Real-World Data Demonstrate Safety, Efficacy of Upadacitinib for PsA

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Achievement of minimal disease activity and remission were observed in approximately half of patients with psoriatic arthritis receiving upadacitinib.

Real-World Data Demonstrate Safety, Efficacy of Upadacitinib for PsA

Michele Maria Luchetti Gentiloni, MD

Credit: Loop

In addition to confirming the efficacy and safety of upadacitinib treatment in patients with psoriatic arthritis (PsA), findings published in Arthritis Research and Therapy identified the predictors of minimal disease activity (MDA) response to treatment at the 6-month mark.1

“Despite the available therapies, only approximately one-third of patients achieve and maintain minimal disease activity,” wrote lead investigator Michele Maria Luchetti Gentiloni, MD, affiliated with the Department of Molecular and Biological Sciences, Marche Polytechnic University, and Department of Internal Medicine, Azienda Ospedaliero Universitaria delle Marche, Ancona, Italy, and colleagues. “Thus, there is a significant need for novel therapies effective on as many disease domains as possible, providing personalized treatment for each patient’s phenotypes.”

Tofacitinib and upadacitinib have been recently approved for PsA treatment. In the SELECT 1 and SELECT 2 trials, upadacitinib demonstrated significant improvements in pain, fatigue, and quality of life.2

Real-World Data Demonstrate Safety, Efficacy of Upadacitinib for PsA

A total of 126 patients with PsA treated with upadacitinib, a selective Janus kinase (JAK) inhibitor, were included in the observational study conducted at 10 Italian centers. Efficacy was determined by the proportion of patients with MDA status, low disease activity (LDA), Disease Activity Index for Psoriatic Arthritis (DAPSA) remission, Ankylosing Spondylitis Disease Activity Score With C-Reactive Protein (ASDAS-CRP) inactive and low disease activity, and change from baseline in both ASDAS-CRP and DAPSA scores, which were assessed at week 12 and week 24. Other endpoints were the proportion of DAPSA minor, moderate, and major improvement, and ASDAS major improvement (MI) and clinically important improvement (CII). Treatment-related adverse events were monitored throughout the study. Demographic data, such as age, sex, and body mass index (BMI), as well as disease information, including duration, previous treatments, and comorbidities, were collected. A multivariate analysis assessed clinical predictors of MDA response at week 24.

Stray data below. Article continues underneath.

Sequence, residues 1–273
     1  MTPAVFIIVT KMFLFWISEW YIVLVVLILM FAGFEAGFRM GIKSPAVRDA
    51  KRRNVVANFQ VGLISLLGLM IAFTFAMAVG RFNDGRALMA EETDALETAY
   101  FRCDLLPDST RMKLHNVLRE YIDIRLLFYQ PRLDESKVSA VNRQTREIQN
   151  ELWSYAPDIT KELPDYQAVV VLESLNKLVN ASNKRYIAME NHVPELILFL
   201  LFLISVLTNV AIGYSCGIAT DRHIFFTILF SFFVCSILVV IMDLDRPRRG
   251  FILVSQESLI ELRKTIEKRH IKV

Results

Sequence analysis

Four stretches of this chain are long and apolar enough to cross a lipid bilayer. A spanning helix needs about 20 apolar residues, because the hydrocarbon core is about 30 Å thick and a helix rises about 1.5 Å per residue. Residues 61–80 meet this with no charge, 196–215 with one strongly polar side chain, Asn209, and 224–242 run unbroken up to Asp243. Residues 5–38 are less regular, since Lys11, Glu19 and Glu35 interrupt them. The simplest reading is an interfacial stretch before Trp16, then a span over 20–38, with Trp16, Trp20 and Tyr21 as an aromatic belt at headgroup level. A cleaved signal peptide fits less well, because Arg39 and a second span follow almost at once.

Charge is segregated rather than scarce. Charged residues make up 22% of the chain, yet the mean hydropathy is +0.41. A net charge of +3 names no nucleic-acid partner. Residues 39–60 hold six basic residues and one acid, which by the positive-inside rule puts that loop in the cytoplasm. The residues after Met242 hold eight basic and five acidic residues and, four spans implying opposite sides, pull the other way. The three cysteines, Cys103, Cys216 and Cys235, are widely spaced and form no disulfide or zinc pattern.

At baseline 98% (n = 124) of patients reported peripheral involvement and 43% (n = 54) had axial involvement. Most (87%, n = 110) were intolerant or resistant to treatment with biologic disease-modifying antirheumatic drugs (bDMARDs).

The mean change from baseline for DAPSA was 15.9 ± 13.5 (P <.001) and 1.21 ± 0.97 (P <.001) for ASDAS-CRP. At week 24, ASDAS-CRP, MDA status, and DAPSA remission were observed in 48%, 47%, and 23%, respectively. Most (65%) patients achieved ASDAS-CRP CII, while 35% achieved ASDAS-CRP MI. Minor, moderate, and major improvement in DAPSA was reported in 67%, 39%, and 23%, respectively.

Although no serious adverse events were observed, 10% (n = 13) of patients discontinued treatment due to adverse events or a lack of efficacy. Seventeen patients reported 21 adverse events, with the most common being diarrhea, nausea, dyspepsia, and infections.

MDA response was linked to an elevated baseline CRP (odds ratio [OR] 2.49, 95% confidence interval [CI] 1.02 – 6.12, P = .046), male gender (OR 2.54, 95% CI 1.03 – 6.25 P = .043), and being naïve to bDMARDs (OR 4.13, 95% CI 1.34–12.71, P = .013).

Investigators regarded the observational nature of the study as a limitation. They also noted results may not be fully representative of the entire spectrum of PsA. As the study is ongoing, the short-term observation period may have led to an underestimation of discontinuation or the incidence of adverse events. Finally, some confounding factors, including the dose of methotrexate or the use of nonsteroidal anti-inflammatory drugs, were not included in the analysis.

“The 24-week results from the UPREAL-PsA study confirm the remarkable efficacy and good safety profile of upadacitinib therapy in real-life PsA, with the higher efficacy of upadacitinib demonstrated in males, bio-naïve patients, and those with elevated baseline CRP,” investigators concluded.

References

  1. Luchetti Gentiloni MM, Paci V, Carletto A, et al. Upadacitinib effectiveness and factors associated with minimal disease activity achievement in patients with psoriatic arthritis: preliminary data of a real-life multicenter study. Arthritis Res Ther. 2023;25(1):196. Published 2023 Oct 11. doi:10.1186/s13075-023-03182-9
  2. McInnes IB, Kato K, Magrey M, Merola JF, Kishimoto M, Pacheco-Tena C, et al. Upadacitinib in patients with psoriatic arthritis and an inadequate response to non-biological therapy: 56-week data from the phase 3 SELECT-PsA 1 study. RMD Open. 2021;7:e001838.
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